Editas Medicine’s academic founders are world leaders in the fields of genome editing, protein engineering, and molecular and structural biology, with specific expertise in CRISPR/Cas9 and TALENs technologies.
Feng Zhang joined the Broad Institute of Massachusetts Institute of Technology (MIT) and Harvard as a core member in 2011. Dr. Zhang is also an investigator at the McGovern Institute for Brain Research at MIT and an assistant professor at MIT with a joint appointment in the departments of brain and cognitive sciences and biological engineering. As a student, he played a major role in the development of optogenetics, a technology that allows the brain?s electrical activity to be controlled with light-sensitive proteins. He is now working to extend this molecular engineering approach to other aspects of brain function, such as gene expression, and to develop new approaches to understanding and eventually treating brain diseases. Dr. Zhang is a Searle Scholar and has received both a Director?s Transformative Research Award and a Directors? Pioneer Award from the National Institutes of Health. In 2012, he shared the UNC/Perl Prize for his role in the development of optogenetics.
Dr. Zhang holds an A.B. in chemistry and physics from Harvard College and a Ph.D. in chemistry from Stanford University.
Jennifer A. Doudna is a professor of biochemistry and molecular biology at the University of California, Berkeley. Her research seeks to understand how non-coding RNA molecules control the expression of genetic information, and she has published extensively in the field of CRISPRs. After serving as a member of the Yale University faculty for eight years, during which time she was promoted to Henry Ford II Professor of Molecular Biophysics and Biochemistry, she joined the UC Berkeley faculty in 2002. She has been a Howard Hughes Medical Institute investigator since 1997 and a member of the National Academy of Sciences since 2002. She was named to the American Academy of Arts and Sciences in 2003 and elected to the Institute of Medicine in 2010.
Dr. Doudna holds a B.A. in biochemistry from Pomona College and a Ph.D. in biochemistry from Harvard University.
George Church is a leading expert in human genetics and biotechnology. He has served as professor of genetics at Harvard Medical School since 1986 and currently serves as professor of health sciences and technology at Harvard and the Massachusetts Institute of Technology (MIT). He is also director of the U.S. Department of Energy Center on Bioenergy at Harvard and MIT and director of the National Institutes of Health Center of Excellence in Genomic Science at Harvard. Dr. Church helped initiate the Human Genome Project in 1984 and the Personal Genome Project in 2005. Dr. Church pioneered genome engineering, systems and synthetic biology, and concepts of molecular multiplexing and tags, and he has a successful track record of developing and transferring new technologies to more than 20 companies. Dr. Church has received numerous awards, including the 2011 Bower Award and Prize for Achievement in Science from the Franklin Institute, the 2009 Promega Biotechnology Research Award from the American Society for Microbiology, and was honored in The Scientist’s Top 10 Innovations list in 2008.
Dr. Church holds a Ph.D. in biochemistry and molecular biology from Harvard University and a B.A. in zoology and chemistry from Duke University.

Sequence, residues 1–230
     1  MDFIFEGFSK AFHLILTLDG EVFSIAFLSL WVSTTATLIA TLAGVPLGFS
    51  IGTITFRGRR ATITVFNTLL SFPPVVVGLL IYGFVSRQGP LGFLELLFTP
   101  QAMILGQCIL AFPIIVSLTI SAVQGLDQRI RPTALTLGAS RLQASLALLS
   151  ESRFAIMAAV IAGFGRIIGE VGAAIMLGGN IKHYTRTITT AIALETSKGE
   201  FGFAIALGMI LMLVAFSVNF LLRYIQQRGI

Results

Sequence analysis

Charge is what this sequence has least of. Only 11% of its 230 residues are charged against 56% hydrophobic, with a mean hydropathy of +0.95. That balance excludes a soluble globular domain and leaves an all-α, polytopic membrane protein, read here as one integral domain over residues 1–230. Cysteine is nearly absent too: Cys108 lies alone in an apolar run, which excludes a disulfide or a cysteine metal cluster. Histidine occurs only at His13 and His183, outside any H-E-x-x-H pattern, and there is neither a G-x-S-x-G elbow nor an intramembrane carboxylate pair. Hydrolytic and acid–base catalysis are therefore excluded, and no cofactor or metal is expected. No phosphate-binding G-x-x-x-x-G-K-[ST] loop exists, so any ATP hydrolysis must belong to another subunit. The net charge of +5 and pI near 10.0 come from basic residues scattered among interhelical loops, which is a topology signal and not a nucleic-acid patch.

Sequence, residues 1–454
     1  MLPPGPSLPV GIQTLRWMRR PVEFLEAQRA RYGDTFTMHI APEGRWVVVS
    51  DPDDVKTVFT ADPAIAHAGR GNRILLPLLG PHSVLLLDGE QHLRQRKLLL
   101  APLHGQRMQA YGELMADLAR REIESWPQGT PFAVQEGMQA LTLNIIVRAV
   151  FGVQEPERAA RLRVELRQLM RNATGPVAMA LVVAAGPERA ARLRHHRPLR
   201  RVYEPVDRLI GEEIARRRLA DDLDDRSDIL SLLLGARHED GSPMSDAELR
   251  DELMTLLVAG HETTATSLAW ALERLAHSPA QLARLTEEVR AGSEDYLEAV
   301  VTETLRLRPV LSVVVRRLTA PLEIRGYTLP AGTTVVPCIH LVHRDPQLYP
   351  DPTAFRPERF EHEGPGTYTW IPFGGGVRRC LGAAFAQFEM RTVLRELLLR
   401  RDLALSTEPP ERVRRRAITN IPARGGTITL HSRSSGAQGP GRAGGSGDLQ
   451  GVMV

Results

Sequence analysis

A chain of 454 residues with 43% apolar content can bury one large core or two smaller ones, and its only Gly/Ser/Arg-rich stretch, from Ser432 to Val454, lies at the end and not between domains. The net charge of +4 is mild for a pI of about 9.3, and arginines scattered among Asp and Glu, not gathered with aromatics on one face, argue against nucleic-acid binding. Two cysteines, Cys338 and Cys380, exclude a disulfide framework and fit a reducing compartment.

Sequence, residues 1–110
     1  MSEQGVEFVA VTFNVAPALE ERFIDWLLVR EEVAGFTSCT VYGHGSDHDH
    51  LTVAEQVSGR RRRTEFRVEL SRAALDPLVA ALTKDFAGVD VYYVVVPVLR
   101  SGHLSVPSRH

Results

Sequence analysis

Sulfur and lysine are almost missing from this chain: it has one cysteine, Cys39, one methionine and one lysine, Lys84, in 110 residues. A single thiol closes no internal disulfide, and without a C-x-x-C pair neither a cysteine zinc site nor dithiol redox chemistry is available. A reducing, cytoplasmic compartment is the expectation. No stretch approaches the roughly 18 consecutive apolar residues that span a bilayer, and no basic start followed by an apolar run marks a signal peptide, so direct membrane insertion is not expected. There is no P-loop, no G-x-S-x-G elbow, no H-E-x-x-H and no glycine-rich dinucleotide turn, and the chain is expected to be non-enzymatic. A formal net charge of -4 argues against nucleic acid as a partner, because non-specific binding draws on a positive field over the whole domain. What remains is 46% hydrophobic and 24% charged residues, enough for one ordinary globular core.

J. Keith Joung currently serves as associate professor of pathology at Harvard Medical School and is associate chief of pathology for research and the Jim and Ann Orr Research Scholar at Massachusetts General Hospital (MGH). He also serves as director of the Molecular Pathology Unit and is a member of the Center for Cancer Research and Center for Computational and Integrative Biology at MGH. Dr. Joung pioneered a new approach for targeting specific DNA sequences in cells using synthetically constructed DNA binding proteins. This broadly applicable technology provides an important research tool for introducing targeted genome modifications in a wide variety of monogenic diseases because it enables correction of defective copies of genes.
Dr. Joung holds a Ph.D. in genetics from Harvard University, an M.D. from Harvard Medical School and an A.B. in biochemical sciences from Harvard College.
David R. Liu is an accomplished chemist, scientist and innovator. He currently serves as professor of chemistry and chemical biology at Harvard University, is a Howard Hughes Medical Institute investigator and serves as an associate member of the Broad Institute of Massachusetts Institute of Technology (MIT) and Harvard. His scientific breakthroughs led him to be tapped to serve as a JASON, an elite group of scientists who advise the U.S. government on matters of science and technology. Dr. Liu is the recipient of numerous scientific distinctions, including the American Chemical Society Pure Chemistry and Arthur C. Cope Young Scholar Awards, the GlaxoSmithKline Chemistry Scholar Award, the AstraZeneca Pharmaceuticals Excellence in Chemistry Award, the Searle Scholars Award, the National Science Foundation (NSF) Faculty Early Career Development (CAREER) Award, the Sloan Foundation Fellowship, the Beckman Foundation Young Investigator Award, the Office of Naval Research Young Investigator Award and the university-wide Roslyn Abramson Award for undergraduate teaching at Harvard. Dr. Liu was named to the Popular Science “Brilliant 10” for young scientists in the U.S., as well as to the MIT TR100 for young innovators. His accomplishments also include groundbreaking research leading to the foundation of Ensemble Therapeutics and Permeon Biologics.
Dr. Liu holds a B.A. in chemistry from Harvard College and a Ph.D. in organic chemistry from the University of California, Berkeley.